Helping Local Farmers Work, Export Goods and Support their Families During the COVID-19 Pandemic
This post is written by Sonia Gloss, USAID and Boniface Musembi, KCDMS. USAID’s Feed the Future Kenya Crops and Dairy Market Systems Activity (KCDMS) is managed by RTI International. The program is implemented through strengthening our local partners who are private sector companies, farmer groups, county governments, local contracting organizations and media companies. KCDMS’ work is ongoing and continues to operate during the pandemic to support Kenya’s food supply chain.
Agriculture, the backbone of the Kenyan economy, is one of the hardest hit sectors during the COVID-19 pandemic. Despite challenging export and operating restrictions related to COVID-19 control measures, Mula Export Limited and USAID's Feed the Future KCDMS project are working together to link 2,500 smallholder avocado farmers in Western Kenya to sustainable markets for their produce.
Mula Export, a grower and global agricultural exporter of fresh produce, is a private sector firm that received a co-investment grant from USAID's KCDMS project to expand its avocado supply chain into more distant production areas in Western Kenya in order to meet the international demand for quality avocados. The investment has allowed Mula to contract with farmers in Migori who expand Mula’s avocado production and adopt good agricultural practices to produce quality avocados that meet international standards.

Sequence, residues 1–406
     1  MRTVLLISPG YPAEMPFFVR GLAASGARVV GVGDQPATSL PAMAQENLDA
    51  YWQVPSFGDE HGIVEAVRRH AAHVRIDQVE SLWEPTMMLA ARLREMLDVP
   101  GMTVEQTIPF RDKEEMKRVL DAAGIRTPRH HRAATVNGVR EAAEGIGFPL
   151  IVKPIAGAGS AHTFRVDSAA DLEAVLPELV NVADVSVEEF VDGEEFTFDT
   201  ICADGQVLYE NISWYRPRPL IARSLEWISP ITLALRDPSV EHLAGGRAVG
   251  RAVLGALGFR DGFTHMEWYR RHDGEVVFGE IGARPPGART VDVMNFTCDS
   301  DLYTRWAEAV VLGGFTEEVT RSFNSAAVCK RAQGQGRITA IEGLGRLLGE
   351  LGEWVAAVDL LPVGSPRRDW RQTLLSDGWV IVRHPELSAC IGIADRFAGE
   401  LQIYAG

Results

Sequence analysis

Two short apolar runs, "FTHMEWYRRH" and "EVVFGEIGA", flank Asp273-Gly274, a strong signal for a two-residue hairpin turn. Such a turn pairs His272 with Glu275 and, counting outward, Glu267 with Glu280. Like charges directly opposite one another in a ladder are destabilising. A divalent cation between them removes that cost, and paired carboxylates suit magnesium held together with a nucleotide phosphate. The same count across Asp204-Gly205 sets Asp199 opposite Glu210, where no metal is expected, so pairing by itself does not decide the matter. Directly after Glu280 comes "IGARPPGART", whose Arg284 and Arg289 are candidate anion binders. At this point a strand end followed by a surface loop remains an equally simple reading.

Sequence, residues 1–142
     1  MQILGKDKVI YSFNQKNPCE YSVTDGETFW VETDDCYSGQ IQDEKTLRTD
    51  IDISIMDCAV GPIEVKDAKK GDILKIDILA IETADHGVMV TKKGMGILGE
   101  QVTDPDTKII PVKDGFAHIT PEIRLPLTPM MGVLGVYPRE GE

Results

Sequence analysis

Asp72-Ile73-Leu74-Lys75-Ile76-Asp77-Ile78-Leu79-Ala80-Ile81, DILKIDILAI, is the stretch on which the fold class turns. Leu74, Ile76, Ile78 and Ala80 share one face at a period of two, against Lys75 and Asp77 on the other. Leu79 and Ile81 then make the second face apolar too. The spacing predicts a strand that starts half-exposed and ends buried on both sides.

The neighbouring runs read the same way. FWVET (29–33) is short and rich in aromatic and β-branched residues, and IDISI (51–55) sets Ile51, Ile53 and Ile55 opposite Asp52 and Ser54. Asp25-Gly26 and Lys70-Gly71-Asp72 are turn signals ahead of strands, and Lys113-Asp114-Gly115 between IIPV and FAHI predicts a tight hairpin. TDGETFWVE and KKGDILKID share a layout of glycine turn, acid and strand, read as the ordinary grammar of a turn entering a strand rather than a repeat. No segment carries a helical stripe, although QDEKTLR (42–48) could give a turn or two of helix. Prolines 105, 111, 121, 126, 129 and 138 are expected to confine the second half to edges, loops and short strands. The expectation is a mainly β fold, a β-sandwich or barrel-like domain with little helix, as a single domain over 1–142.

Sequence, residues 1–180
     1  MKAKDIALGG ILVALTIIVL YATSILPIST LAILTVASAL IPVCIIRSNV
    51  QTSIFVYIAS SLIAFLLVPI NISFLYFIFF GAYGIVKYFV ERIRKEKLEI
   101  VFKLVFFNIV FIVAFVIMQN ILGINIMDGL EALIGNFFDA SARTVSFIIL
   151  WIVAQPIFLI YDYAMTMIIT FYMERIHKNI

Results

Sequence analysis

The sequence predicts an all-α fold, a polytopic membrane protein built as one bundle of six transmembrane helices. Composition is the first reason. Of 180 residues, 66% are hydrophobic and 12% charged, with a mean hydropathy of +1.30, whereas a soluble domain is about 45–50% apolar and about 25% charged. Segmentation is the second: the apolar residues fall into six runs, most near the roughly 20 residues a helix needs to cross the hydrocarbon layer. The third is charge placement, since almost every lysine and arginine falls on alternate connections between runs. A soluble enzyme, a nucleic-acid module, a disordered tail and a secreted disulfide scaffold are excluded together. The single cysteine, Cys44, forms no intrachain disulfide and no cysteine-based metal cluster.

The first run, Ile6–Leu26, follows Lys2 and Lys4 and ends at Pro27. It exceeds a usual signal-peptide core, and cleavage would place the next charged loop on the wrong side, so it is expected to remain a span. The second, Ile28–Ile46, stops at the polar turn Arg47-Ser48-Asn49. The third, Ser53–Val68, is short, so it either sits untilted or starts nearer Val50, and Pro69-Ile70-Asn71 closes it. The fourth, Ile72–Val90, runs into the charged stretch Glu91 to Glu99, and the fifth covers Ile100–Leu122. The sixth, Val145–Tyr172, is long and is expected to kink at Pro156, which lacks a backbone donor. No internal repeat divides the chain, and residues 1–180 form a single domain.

COVID-19 control measures significantly impacted Mula’s production and export operations. These measures, which included a reduction in freight flights and increased cost for cargo space, a ban on movement into and out of Nairobi County, stay-at-home orders, closure of public markets and a curfew that shortened Mula’s packing plant operation hours.
In order to continue operations, Mula Export adapted by changing their shipment from air cargo to sea transport to reduce costs. In addition, with the support of KCDMS, the company has put in place several other measures to mitigate COVID challenges. These include increasing the size of the daytime workforce in the packhouse, sourcing new supplies of packaging materials from South Africa and supporting farmers by collecting produce from the farm gate to limit the dangers of congregation in large groups. Mula Export is also linking their contracted farmers to other exporters like Kandia Fresh Produce Suppliers and Go Foods to sell their surplus produce to limit waste and increase farmers' income.
“Mula Export has provided me with a reliable avocado market in the export market, which fetches better prices of KES 70/kilogram when other farmers are struggling to sell at KES 30/kilogram in the local market during this COVID 19 period. Through this, I am able to comfortably meet my financial obligations and take care of my family,” says Gideon Macharia, an avocado farmer from central Kenya.
Mula is continuing to export large orders of avocados; approximately 264 metric tons have been aggregated from smallholder contract farmers since the season began. The estimated value of these exports is over KES 47 million ($470,000). Despite COVID-19, Mula Export continues to put money into smallholder farmer pockets.